“While we were seeking assurances and better access for New Zealand companies to the Pacific island nations, at the same time if we didn’t get the development part right, the smaller economies wouldn’t be able to benefit from the agreement.”

McClay says the lack of a labour mobility provision is in part due to the difficulty of dealing with “very small economies of different levels of economic development”, as well as the risk it could be too restrictive as requirements in the Pacific changed.

Coates says the agreement means the Pacific countries will have to forego “significant” government revenue from tariffs, with many already suffering from financial problems and relying on soft loans from countries like China.

He also highlights the bureaucratic cost of complying with new trade measures as one aspect which may have unintended consequences.

“It is not insignificant for a relatively small economy, 10,000 people or less, to have to fill out all the paperwork and the administration and the forms and the compliance and so on.”

However, McClay says negotiators made a point of taking the countries’ unique circumstances into account, giving them up to 30 years to phase in some measures.

“We didn’t go out and say, ‘You’ve got to get the tariff rates down straight away’, and that’s because we do recognise in many cases the revenue is very, very important.”

Neither disaster nor delight

Matthew Dornan, the deputy director of Australian National University’s Development Policy Centre, argues PACER Plus’ proponents and opponents are both overstating their cases.

Dornan says the lack of a labour mobility provision means “there’s not that much for the countries”, while Australia was already moving towards the “aid for trade” approach.

However, he says those who claim the deal is a disaster are wrong, with many criticisms of its potential to damage local industries “borrowed from broader criticisms of trade deals”.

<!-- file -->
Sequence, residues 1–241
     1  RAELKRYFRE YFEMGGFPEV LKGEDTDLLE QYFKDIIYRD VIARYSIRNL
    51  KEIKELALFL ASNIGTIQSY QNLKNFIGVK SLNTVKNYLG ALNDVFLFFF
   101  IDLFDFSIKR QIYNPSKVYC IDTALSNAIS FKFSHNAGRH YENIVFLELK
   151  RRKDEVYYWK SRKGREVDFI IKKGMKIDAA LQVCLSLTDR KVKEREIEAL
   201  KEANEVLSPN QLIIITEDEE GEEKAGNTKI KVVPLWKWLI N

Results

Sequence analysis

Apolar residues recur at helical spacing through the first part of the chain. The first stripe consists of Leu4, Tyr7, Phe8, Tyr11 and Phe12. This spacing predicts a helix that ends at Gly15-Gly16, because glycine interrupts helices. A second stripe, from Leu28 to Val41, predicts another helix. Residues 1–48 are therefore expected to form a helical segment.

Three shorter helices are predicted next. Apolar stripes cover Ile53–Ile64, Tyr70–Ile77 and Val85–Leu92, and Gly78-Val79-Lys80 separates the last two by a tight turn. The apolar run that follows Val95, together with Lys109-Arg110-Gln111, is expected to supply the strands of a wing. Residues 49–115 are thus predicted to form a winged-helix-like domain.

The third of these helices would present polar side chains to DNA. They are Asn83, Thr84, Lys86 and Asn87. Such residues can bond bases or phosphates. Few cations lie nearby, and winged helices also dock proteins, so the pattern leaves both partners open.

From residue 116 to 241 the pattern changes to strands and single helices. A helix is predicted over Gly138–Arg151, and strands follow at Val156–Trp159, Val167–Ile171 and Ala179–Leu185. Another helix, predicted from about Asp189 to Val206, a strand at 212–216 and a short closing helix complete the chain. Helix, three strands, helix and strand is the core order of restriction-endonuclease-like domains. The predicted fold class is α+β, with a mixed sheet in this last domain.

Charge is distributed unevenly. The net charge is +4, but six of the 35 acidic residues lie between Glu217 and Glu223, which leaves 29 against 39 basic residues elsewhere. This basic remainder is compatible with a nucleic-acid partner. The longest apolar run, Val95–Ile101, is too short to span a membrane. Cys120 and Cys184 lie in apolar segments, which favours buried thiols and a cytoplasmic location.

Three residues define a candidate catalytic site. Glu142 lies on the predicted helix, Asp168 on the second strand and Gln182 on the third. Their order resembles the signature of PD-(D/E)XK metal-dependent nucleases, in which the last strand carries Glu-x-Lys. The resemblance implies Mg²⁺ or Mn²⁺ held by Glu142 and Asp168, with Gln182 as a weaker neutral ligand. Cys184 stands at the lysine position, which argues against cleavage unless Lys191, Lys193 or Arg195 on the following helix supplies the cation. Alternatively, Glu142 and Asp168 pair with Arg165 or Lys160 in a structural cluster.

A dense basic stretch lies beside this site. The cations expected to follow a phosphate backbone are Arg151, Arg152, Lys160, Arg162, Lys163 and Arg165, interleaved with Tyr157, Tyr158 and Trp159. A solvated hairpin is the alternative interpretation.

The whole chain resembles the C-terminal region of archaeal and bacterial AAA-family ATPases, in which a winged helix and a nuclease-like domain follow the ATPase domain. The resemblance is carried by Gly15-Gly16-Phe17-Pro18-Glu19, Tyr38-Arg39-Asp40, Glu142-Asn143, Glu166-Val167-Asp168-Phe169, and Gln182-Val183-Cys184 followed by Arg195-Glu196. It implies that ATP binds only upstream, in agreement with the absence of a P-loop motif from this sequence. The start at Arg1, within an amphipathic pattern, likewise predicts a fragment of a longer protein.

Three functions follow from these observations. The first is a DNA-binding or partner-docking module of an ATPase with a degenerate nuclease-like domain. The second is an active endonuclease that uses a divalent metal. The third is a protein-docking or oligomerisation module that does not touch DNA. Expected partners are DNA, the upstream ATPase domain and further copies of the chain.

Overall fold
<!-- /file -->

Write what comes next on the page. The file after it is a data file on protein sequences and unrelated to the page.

“You’re not going to see a manufacturing base established in the likes of Tonga or Samoa, absent some special deal…I don’t think there is the potential for export industries to establish in the first place.”

Coates concedes there have been people “making extravagant claims in both directions”, but says the power imbalance with the Pacific nations reliant on Kiwi and Australian aid means they have agreed to restrictions which could harm them in future.

“There is an obligation of New Zealand and Australia to bend over backwards not to exercise that power for their own benefit and I feel they haven’t taken that responsibility seriously enough…

“Will it completely ruin them overnight? Absolutely not, but is it something that will restrict their development options in future in ways that might otherwise provide better outcomes for them? Yes, I really think that’s true.”

McClay argues otherwise, describing the deal as “fairly well balanced, quite honestly”. He believes it will lead to investment flowing into the region, while setting up standards the Pacific countries will be able to hold up in trade deals with other parts of the world.

He declares himself unworried by the decision of some countries not to sign, saying “the door remains open” and pointing to encouraging discussions with both Papua New Guinea and Fiji.

Whether they will walk through that door, and what awaits in the long term, remains to be seen.

Sam Sachdeva is Newsroom's national affairs editor, covering foreign affairs and trade, housing, and other issues of national significance.